Sound — 10
With Teeth is a progression (as it should be) from the lush soundscapes evident throughout The Fragile or the harsh mechanical grindings present on The Downward Spiral. It is a new direction with a fantastic new sound, yet it is easy to pick out pieces influenced by earlier NIN recordings. A variety of familiar sounds are used from Pretty Hate Machine (The Hand That Feeds, Only), The Downward Spiral (The Collector, Every Day Is Exactly The Same, Sunspots), and The Fragile era (The Line Begins To Blur, Right Where It Belongs). As with all subsequent albums, there has been new sounds and manipulated old sounds. Reznor insists there was a minimilist mindset during the recording of With Teeth, but even when he isn't pulling every new trick out of his sleeve, the production on a Nine Inch Nails album is miles above that of your average record in 2005.
Lyrics — 10
First of all, Trent shows vocal range on With Teeth that he has never come near before. He sounds fantastic here. As for the lyrics themselves, sadly, I've seen many reviews that come off with a feel that Trent has really lost touch with the writer he was in 1994. They couldn't be more wrong. In this day and age of internet anonymity, we are presented with hipster reviewers that are too cool to believe that an artist like Trent Reznor has progressed in his songwriting, and no longer feels all the anger that he once did. Take a song like "You Know What You Are?" Reviewers are saying things like "Reznor is just about to turn 40-years-old and he is still whining and hates the world, and we see this when he uses lyrics like: "You can't change anything/don't you f--king know what you are?" When unfortunately these reviewers are too worried about looking cool to their peers, so they write them off as angry, adolescent lyrics. It doesn't take a rocket scientist to see that when Reznor screams "don't you fucking know what you are?" that he is only looking in the mirror and questioning himself. Another example, is "Only." Reznor is oh-so-angry at the world because he said "there is no you, there is only me." They write him off as being self-centered. Once again, the "you" theme that is present on With Teeth is only Reznor talking about his old self. It truly upsets me that With Teeth is one of the most inspiring and uplifting lyrical works of our generation, and many of this hipsters will never see that. They choose not to view Reznor's lyrics as a self commentary because it is too challenging. There couldn't possibly be a way that people lie to themselves or fake their own lives. That would just be too devastating. Why look deeper for the truth, when you could just sweep it under the rug, right? Unfortunate. Many reviewers also seem to carry the opinion that once you turn 30-years-old, you're not allowed to get angry anymore. You're not a teenager so the world is a wonderful place and if you happen to let out a scream or complaint. Well, you're just acting juvenile. Give me a break. Reznor gets full marks on lyrics because he is honest enough with himself to speak the truth and say what others are afraid to admit. He may be content with himself now that he's cleaned up, but, like anyone who has achieved victory and overcame something, they went through struggles. Thank you for writing truly honest lyrics, Trent.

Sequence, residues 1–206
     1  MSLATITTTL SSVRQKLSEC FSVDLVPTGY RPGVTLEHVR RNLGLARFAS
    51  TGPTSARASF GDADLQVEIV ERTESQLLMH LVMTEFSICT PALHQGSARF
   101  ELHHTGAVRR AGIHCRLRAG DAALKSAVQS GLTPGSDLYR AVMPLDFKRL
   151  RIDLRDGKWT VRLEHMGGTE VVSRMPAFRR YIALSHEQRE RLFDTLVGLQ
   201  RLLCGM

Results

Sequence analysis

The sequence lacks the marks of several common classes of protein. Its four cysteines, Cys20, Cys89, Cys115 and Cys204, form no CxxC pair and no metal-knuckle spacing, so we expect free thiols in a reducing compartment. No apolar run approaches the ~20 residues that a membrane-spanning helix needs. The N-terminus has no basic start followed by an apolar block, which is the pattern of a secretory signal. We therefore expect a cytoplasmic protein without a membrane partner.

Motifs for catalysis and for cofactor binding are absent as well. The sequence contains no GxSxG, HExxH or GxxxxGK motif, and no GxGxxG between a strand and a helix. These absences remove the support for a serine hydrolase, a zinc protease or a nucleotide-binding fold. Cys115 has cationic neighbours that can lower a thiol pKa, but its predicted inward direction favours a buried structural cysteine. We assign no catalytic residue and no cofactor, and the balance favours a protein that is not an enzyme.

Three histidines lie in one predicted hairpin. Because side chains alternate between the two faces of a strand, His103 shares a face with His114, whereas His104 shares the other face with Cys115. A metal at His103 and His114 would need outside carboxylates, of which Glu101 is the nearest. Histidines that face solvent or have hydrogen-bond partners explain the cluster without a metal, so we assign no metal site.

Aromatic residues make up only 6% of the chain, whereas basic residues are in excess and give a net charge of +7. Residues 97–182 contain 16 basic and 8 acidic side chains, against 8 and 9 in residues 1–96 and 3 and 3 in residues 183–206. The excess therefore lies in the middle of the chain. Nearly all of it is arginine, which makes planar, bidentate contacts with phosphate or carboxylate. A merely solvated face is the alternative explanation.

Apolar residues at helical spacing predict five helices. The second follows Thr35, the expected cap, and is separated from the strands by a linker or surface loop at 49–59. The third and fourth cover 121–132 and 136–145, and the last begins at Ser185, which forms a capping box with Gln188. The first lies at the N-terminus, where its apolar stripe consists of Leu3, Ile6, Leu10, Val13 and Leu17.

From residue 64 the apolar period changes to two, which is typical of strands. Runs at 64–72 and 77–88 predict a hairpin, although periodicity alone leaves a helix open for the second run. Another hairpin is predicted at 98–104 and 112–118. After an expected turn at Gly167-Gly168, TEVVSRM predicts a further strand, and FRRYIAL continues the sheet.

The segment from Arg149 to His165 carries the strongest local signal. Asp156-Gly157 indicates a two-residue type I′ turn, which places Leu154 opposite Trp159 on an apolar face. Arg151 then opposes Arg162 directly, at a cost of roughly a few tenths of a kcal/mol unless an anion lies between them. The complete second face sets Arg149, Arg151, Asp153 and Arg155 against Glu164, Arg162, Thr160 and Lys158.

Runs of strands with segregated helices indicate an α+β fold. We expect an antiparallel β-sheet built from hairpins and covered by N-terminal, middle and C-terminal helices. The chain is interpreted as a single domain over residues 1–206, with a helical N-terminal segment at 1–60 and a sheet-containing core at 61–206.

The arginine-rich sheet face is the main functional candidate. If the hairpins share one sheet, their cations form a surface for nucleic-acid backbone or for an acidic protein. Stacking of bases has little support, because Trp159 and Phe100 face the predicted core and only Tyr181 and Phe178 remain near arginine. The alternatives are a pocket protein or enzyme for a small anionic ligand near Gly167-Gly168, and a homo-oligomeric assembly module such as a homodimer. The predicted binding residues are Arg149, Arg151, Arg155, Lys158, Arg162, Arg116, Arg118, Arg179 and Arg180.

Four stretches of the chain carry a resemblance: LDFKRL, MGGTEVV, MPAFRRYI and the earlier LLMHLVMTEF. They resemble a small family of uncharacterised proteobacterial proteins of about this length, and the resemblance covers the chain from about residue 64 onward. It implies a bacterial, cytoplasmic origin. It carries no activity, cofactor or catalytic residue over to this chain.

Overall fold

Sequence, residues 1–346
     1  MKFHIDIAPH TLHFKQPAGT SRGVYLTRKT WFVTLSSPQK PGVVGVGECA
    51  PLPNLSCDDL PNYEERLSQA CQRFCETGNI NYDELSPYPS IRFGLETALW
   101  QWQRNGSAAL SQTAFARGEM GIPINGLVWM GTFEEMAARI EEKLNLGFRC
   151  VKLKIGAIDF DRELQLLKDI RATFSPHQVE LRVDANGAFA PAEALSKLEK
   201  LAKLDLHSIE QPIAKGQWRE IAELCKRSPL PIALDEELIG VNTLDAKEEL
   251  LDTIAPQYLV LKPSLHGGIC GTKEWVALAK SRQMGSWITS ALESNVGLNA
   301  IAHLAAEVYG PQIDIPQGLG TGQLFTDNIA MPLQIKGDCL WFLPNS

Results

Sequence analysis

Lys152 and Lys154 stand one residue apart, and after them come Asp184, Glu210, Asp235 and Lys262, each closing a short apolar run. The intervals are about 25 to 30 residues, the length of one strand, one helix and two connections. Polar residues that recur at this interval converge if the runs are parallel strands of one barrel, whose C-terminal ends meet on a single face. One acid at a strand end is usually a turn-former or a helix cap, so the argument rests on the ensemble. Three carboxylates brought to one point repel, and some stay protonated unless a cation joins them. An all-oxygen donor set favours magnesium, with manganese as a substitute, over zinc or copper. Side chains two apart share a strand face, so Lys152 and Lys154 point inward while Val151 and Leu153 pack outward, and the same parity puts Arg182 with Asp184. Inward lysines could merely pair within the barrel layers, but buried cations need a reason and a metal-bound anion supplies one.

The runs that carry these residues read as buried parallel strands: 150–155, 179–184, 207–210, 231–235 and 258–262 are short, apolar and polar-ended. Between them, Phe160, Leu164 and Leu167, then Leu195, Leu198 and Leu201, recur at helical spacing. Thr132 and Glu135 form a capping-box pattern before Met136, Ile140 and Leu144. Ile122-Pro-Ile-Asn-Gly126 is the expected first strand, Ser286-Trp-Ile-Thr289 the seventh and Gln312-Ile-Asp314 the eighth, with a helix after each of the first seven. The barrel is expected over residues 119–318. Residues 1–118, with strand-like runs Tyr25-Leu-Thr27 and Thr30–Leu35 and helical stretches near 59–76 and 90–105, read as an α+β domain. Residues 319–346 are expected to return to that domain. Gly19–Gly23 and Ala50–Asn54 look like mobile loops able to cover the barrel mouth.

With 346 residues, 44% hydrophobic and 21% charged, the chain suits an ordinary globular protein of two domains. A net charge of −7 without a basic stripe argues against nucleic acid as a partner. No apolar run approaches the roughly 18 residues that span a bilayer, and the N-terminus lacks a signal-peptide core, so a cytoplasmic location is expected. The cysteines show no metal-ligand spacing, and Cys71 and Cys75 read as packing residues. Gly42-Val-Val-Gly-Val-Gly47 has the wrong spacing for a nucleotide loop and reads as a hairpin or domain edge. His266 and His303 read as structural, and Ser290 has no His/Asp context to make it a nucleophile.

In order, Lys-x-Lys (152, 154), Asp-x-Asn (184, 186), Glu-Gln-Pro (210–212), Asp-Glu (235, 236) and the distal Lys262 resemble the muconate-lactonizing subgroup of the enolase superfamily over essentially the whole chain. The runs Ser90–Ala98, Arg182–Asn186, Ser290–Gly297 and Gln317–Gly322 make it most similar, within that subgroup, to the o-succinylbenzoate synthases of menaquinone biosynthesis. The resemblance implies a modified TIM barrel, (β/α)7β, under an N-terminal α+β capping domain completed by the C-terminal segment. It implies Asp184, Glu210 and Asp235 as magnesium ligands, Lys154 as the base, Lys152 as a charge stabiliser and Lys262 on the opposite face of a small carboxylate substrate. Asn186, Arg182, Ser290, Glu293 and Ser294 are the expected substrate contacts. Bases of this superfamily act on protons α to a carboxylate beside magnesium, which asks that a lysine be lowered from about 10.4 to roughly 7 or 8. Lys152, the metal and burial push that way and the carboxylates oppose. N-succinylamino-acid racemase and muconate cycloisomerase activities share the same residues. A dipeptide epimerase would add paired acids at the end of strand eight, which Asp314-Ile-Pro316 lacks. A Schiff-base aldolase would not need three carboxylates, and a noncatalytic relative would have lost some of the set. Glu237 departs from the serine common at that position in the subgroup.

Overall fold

Overall Impression — 10
With Teeth is as good as any Nine Inch Nails album before it. His songwriting seems more in tune with the innocence and vulnurability on Pretty Hate Machine, while the sound itself borrows from every era. The music may be easier to grasp this time around, "accessable" if you will, but that hardly means that the overall appeal will wear off quickly. Over time, when people have had some time to really sit down and think about the words and themes present on With Teeth, it will hopefully be appreciated for the beautiful work of art that it is.